It’s been over two years since #WeNeedDiverseBooks happened, and a lot has changed since then. There’s greater awareness of the issue of diversity in fiction. Mentorship programs, fiction contests, publishing surveys, and thinkpieces have sprung up since then.
At the same time, the same old problems persist. Publishing still largely centers the privileged. Cultural appropriation and stereotyping abound in fiction. Book reviews are rife with biases. The list goes on. Fortunately, so does the conversation. Quite a few more hashtags have been kicked off on Twitter since #WeNeedDiverseBooks, all contributing to the larger questions of – What next? How can things change for the better? How do we support creators of color and creators from other marginalized groups so that they can better tell their stories?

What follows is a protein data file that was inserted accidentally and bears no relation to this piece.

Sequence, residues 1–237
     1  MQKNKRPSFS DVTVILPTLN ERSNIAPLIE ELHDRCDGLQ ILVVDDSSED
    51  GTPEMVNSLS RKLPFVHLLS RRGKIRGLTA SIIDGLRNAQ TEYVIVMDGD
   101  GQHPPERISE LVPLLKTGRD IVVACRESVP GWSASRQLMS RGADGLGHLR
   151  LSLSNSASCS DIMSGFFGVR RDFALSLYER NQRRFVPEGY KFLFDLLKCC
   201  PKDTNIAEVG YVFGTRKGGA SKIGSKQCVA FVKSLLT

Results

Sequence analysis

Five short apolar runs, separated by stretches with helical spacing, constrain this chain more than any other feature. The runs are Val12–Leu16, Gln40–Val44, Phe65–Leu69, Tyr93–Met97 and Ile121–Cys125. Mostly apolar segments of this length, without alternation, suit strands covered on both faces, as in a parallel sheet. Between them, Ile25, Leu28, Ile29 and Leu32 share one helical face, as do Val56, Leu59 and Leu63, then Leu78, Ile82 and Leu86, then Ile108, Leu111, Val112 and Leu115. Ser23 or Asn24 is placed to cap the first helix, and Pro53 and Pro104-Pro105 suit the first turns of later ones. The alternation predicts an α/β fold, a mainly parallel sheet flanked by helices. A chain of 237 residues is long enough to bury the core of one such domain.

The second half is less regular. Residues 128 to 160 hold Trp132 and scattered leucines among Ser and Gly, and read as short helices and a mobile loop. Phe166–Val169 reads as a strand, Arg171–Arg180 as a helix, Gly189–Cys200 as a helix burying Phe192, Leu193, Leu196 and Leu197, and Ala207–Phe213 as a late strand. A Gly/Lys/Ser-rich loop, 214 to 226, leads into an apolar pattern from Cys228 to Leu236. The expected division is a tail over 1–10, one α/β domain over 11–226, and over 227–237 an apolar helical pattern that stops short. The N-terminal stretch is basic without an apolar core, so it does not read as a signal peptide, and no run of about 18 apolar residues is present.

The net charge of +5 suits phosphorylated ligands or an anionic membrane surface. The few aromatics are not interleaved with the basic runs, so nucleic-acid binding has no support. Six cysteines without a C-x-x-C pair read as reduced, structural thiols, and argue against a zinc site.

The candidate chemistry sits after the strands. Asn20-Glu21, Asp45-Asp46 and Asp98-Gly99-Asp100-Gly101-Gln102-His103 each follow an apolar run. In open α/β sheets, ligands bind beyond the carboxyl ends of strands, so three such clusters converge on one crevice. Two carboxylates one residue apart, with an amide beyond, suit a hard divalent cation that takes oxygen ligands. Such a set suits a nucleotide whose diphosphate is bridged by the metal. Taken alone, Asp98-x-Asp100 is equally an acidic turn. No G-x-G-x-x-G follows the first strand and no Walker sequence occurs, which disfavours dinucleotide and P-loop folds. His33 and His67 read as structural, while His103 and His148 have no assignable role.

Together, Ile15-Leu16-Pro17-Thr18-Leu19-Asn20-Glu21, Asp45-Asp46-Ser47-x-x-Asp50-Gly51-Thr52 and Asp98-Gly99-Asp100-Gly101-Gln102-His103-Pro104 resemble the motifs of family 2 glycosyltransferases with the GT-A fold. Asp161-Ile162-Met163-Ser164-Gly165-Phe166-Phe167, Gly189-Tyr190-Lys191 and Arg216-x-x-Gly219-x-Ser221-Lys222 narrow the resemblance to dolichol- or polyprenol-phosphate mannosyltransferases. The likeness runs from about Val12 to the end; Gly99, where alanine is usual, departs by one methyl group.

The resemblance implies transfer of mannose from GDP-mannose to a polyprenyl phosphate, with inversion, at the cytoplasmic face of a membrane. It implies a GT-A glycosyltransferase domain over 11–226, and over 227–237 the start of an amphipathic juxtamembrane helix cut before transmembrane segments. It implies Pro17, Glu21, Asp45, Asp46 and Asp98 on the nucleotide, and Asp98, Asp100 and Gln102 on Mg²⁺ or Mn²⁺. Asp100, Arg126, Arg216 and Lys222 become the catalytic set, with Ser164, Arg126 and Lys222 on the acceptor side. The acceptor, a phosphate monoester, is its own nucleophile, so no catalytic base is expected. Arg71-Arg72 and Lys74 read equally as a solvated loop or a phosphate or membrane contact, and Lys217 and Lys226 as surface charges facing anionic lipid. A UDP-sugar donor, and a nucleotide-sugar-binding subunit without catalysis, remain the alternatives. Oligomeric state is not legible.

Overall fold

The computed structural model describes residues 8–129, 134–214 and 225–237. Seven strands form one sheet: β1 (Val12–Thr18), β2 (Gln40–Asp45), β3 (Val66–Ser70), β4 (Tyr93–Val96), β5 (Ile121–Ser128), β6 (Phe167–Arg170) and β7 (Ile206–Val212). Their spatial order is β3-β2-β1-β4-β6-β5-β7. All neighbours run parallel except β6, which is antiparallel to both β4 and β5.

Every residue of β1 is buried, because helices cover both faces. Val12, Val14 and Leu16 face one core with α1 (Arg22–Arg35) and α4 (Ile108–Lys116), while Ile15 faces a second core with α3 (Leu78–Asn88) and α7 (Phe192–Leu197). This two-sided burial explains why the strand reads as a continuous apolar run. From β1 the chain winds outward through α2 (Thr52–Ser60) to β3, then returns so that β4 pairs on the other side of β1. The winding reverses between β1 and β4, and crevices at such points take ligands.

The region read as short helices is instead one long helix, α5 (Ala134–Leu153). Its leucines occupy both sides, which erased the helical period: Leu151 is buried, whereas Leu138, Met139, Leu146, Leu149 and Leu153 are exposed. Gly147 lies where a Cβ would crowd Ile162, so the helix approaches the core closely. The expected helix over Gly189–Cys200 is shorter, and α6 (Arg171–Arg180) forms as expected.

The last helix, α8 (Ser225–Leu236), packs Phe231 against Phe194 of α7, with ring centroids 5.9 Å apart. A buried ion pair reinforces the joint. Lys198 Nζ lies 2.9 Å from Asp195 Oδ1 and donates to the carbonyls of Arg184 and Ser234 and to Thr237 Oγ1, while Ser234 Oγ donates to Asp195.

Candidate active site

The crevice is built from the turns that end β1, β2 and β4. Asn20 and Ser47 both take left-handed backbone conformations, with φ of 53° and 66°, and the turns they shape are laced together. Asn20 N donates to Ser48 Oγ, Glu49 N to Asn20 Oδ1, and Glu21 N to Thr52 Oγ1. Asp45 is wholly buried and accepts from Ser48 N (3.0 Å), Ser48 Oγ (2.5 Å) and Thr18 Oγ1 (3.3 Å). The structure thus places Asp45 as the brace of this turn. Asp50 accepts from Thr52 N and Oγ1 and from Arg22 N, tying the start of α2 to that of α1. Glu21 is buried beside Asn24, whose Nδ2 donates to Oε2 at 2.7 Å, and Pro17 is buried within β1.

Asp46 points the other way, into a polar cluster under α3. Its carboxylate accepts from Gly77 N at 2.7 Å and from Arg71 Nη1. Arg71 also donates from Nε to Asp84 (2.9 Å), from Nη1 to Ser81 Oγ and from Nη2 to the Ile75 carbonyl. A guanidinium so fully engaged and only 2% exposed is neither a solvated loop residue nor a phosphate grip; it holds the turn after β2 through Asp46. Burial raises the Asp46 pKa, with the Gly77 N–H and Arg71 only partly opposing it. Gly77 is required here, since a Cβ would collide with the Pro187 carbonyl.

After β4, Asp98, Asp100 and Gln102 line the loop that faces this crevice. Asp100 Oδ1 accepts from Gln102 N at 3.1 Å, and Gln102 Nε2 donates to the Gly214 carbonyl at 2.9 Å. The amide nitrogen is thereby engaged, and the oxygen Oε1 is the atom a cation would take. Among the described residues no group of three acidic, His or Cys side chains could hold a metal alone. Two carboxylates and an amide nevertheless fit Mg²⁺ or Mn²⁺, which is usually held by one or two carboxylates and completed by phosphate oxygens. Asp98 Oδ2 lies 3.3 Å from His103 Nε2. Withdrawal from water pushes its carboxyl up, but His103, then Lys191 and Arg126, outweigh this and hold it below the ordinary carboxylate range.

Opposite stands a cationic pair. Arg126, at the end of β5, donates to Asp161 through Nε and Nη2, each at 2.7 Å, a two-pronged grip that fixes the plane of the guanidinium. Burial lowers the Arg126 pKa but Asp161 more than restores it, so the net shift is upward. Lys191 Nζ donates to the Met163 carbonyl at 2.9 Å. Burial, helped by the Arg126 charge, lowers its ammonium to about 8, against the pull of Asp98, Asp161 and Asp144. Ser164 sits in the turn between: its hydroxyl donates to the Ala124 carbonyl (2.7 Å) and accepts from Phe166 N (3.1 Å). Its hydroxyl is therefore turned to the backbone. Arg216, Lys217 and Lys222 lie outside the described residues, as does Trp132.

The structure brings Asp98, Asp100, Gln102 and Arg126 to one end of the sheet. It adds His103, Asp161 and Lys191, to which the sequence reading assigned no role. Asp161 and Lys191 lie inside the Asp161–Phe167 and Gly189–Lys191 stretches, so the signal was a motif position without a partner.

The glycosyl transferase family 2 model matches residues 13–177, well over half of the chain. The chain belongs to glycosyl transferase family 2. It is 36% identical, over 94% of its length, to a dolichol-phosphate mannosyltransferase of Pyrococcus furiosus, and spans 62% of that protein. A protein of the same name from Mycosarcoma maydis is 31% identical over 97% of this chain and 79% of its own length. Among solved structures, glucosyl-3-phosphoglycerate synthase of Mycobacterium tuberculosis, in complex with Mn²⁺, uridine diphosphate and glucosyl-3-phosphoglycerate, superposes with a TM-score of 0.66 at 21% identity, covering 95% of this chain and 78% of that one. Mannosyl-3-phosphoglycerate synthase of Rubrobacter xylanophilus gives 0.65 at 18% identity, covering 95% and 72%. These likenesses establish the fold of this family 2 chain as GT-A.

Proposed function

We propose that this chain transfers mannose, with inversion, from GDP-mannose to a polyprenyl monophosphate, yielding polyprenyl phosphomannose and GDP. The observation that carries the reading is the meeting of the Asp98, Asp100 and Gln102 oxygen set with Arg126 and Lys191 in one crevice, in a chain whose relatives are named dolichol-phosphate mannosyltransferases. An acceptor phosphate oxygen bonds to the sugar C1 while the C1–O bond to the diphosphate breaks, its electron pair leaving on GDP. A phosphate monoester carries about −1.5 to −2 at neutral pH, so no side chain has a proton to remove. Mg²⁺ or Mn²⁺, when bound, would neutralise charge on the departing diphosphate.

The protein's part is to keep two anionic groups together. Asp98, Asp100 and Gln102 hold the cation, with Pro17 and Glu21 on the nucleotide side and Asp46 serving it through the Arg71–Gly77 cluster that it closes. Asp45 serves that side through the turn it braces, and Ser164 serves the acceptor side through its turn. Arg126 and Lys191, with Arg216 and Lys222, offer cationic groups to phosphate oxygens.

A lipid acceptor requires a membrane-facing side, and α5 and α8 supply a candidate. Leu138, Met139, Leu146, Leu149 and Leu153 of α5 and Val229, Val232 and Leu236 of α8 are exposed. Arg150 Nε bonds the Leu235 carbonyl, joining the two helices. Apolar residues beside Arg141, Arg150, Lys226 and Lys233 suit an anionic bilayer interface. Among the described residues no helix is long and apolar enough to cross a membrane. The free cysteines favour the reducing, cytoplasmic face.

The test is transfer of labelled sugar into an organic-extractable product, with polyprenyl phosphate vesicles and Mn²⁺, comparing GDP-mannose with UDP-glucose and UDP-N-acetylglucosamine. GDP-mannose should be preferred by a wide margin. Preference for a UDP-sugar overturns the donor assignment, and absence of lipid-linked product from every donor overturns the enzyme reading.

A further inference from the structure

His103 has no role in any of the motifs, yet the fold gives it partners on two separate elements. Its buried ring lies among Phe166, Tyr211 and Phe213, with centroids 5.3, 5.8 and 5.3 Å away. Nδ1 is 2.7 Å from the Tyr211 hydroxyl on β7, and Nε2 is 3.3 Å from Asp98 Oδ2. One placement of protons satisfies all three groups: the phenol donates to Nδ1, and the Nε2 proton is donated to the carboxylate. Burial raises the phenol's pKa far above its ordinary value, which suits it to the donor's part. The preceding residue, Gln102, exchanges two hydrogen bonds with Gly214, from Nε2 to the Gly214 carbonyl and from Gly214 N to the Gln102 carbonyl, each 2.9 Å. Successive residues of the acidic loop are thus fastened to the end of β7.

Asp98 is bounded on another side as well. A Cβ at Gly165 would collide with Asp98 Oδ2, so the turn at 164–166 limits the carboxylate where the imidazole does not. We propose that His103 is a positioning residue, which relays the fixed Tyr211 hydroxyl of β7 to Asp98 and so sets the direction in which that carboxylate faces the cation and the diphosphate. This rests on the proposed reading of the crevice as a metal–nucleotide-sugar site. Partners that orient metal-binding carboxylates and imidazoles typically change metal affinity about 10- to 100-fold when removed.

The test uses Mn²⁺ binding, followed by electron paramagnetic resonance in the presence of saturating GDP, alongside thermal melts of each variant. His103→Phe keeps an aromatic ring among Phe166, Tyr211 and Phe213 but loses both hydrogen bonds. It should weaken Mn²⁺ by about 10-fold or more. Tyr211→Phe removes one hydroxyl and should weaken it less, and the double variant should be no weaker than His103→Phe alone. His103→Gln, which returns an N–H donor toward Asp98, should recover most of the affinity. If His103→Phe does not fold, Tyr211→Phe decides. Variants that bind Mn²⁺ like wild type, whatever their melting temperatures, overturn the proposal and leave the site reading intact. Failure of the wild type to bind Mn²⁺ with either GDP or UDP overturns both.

Here are a few of the big ones:
#WeNeedDiverseBooks started in May 2014, check out the team behind the hashtag here: weneeddiversebooks.org/
And read Audrey’s reflections on it here: http://richincolor.com/2014/05/a-few-thoughts-on-weneeddiversebooks/
#OwnVoices started by Corinne Duyvis (@corinneduyvis), meant “to recommend kidlit about diverse characters written by authors from that same diverse group.” Read more about it here: http://www.yainterrobang.com/ownvoices/
#DiverseBookBloggers started by Nazahet Hernandez (@_diversebooks) to help foster the diverse book blogger community, read more about it here: http://readdiversebooks.com/a-call-to-all-diversebookbloggers/
#OwnYourOwn started by Kaye M. (@gildedspine) to encourage marginalized voices, read more about it here: http://www.yainterrobang.com/ownyourown/